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Commission sets zoning proposal

Differing from a suggestion submitted by the Ellis County Joint Planning Commission last month, Commissioner Perry Henman proposed a 10-times-the-tip-height setback from rural dwellings in order to eliminate the need for noise regulations in wind energy conversion systems. "If we do that, I would be satisfied if the county didn't regulate noise," Henman said.

A 10-times-the-tip-height setback from rural dwellings was the final proposal from Ellis County commissioners Monday night as they considered zoning regulation changes for proposed wind projects.

Commissioners expect to meet with County Counselor Dennis Davidson on Monday to define terms in the changes and eventually reach a final consensus to implement the changes.

Differing from a suggestion submitted by the Ellis County Joint Planning Commission last month, Commissioner Perry Henman proposed a 10-times-the-tip-height setback from rural dwellings in order to eliminate the need for noise regulations in wind energy conversion systems.

"If we do that, I would be satisfied if the county didn't regulate noise," Henman said.

On 400-foot wind turbines, the setback would equate to just less than a mile. Landowners could opt to have turbines closer to their homes through the conditional-use permit application process, Henman said.

"I think it's a lot better for the developer to deal with these people up front," Henman said.

He said he believed noise regulations could drive developers away more than large setbacks like that proposed Monday night.

The setback would allow for residences in the project area to be... more [truncated due to possible copyright]  

A 10-times-the-tip-height setback from rural dwellings was the final proposal from Ellis County commissioners Monday night as they considered zoning regulation changes for proposed wind projects.

Commissioners expect to meet with County Counselor Dennis Davidson on Monday to define terms in the changes and eventually reach a final consensus to implement the changes.

Differing from a suggestion submitted by the Ellis County Joint Planning Commission last month, Commissioner Perry Henman proposed a 10-times-the-tip-height setback from rural dwellings in order to eliminate the need for noise regulations in wind energy conversion systems.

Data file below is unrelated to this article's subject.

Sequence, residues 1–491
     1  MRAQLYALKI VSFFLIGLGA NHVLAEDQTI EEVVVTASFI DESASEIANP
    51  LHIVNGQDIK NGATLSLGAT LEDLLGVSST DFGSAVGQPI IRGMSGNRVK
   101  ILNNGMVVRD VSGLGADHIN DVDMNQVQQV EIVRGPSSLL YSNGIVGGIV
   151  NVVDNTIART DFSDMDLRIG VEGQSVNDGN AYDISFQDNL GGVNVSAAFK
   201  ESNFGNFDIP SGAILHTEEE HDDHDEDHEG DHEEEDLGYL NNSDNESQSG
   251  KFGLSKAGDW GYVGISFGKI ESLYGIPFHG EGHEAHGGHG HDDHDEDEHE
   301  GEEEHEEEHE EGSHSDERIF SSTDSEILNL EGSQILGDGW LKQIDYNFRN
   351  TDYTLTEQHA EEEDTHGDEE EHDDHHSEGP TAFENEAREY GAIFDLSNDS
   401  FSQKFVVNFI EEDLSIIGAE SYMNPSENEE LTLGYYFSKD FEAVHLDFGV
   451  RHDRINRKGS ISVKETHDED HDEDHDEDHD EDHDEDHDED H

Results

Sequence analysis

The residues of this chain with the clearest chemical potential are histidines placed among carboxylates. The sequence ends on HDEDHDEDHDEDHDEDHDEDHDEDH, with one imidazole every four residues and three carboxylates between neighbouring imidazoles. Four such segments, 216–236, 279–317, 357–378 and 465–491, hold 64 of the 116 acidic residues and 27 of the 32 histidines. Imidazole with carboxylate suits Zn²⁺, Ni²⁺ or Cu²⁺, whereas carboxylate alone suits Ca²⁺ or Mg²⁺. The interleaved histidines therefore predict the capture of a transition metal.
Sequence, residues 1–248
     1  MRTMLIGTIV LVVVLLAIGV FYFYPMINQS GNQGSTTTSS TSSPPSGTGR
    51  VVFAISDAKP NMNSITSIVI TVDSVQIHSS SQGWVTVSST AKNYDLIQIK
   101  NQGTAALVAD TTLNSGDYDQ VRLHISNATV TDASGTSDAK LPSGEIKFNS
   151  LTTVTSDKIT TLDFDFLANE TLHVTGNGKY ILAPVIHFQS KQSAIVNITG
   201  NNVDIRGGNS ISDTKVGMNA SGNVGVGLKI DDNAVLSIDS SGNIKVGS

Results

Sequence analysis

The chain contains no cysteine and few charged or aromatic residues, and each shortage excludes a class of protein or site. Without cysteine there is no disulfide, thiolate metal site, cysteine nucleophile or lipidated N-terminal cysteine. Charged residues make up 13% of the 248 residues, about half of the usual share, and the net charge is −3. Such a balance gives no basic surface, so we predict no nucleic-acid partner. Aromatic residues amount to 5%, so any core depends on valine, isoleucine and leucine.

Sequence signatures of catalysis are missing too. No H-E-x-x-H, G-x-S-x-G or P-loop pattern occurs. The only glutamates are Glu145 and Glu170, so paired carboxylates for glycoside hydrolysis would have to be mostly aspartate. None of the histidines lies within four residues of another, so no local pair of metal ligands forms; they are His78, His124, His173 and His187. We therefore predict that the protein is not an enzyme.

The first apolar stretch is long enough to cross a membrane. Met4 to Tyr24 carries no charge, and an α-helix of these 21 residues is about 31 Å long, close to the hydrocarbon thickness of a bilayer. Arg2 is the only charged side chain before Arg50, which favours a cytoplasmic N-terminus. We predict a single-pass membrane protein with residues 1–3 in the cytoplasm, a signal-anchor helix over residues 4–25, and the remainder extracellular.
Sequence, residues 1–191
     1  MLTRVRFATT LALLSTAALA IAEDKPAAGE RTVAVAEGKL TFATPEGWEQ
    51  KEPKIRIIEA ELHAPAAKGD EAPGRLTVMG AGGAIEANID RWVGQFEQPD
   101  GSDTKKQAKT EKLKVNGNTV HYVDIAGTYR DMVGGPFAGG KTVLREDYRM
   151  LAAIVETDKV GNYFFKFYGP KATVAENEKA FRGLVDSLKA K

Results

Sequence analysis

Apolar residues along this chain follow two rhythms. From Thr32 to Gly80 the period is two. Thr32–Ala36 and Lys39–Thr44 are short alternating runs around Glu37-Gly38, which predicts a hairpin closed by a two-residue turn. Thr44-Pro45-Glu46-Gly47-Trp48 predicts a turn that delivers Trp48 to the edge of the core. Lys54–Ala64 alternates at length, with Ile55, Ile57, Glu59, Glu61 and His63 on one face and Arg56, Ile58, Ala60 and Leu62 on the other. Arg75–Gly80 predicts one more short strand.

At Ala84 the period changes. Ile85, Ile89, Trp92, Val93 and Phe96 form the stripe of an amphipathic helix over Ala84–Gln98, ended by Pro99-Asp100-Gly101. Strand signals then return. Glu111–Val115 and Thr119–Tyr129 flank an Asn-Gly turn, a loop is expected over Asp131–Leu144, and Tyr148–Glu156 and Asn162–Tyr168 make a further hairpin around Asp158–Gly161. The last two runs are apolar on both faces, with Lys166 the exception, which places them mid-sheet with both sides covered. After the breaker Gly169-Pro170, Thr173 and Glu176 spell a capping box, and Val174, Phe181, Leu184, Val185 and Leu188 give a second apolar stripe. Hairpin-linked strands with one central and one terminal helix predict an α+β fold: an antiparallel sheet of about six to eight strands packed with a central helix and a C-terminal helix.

"If we do that, I would be satisfied if the county didn't regulate noise," Henman said.

On 400-foot wind turbines, the setback would equate to just less than a mile. Landowners could opt to have turbines closer to their homes through the conditional-use permit application process, Henman said.

"I think it's a lot better for the developer to deal with these people up front," Henman said.

He said he believed noise regulations could drive developers away more than large setbacks like that proposed Monday night.

The setback would allow for residences in the project area to be within World Health Organization noise standards of 40 decibels, according to Commissioner Glenn Diehl.

"I think we have a sufficient setback to meet those guidelines and we're done," said Diehl, who has been an advocate for noise standards throughout the zoning regulation change process.

Also, commissioners, at the advice of Davidson, likely will drop the use of terms "participating" and "non-participating" when referring to rural homes in wind projects. Henman said the setback should be sufficient for both.

"Everyone's treated the same," Henman said.

Another sticking point Monday night was Henman's suggestion to govern correlative rights on the edges of wind projects. He proposed a 1.5-times-the-tip-height setback from turbines on the east and west boundaries of the project and a 3-times-the-tip-height setback from turbines on the north and south edges.

"That way (neighbors) aren't stealing your wind," Henman said.

Diehl said he agreed with the idea that was based on wake turbulence extrapolated from Hays Wind LLC's proposed locations of wind turbines in its project southwest of Hays.

"I would think that most people in this county that want wind farms would want that protection," Henman said.

Other regulation changes regarding wind projects agreed to by at least Henman and Diehl include:

* A 2,000-foot notification and protest petition area for commercial wind energy conversion system applications. Diehl said in Hays Wind LLC's most recent application, the difference between 1,000 and 2,000 feet was the notification of two residences.

"I don't think that's a huge burden for two more people for that extra 1,000-foot," Diehl said.

* A 1.5-times-the-tip-height setback from major public roads in the county and a 1.1-times-the-tip-height setback from lower maintenance and lower traffic roads.

* A 1.5-times-the-tip-height setback from railroads.

* A 3-mile setback from incorporated cities including Victoria and Schoenchen, which do not have buffer zones now.

* A 1.5-mile setback from rural plats and developments, pending a clear definition of those areas in the county.

Also, commissioners likely will use a 1.5-times-the-height setback from major roads for telecommunications towers and a 1.1-times-the-height setback from lower maintenance and lower traffic roads.

Commissioners will discuss the changes again Monday.


Source: http://www.hdnews.net/Story...

APR 20 2010
http://www.windaction.org/posts/25799-commission-sets-zoning-proposal
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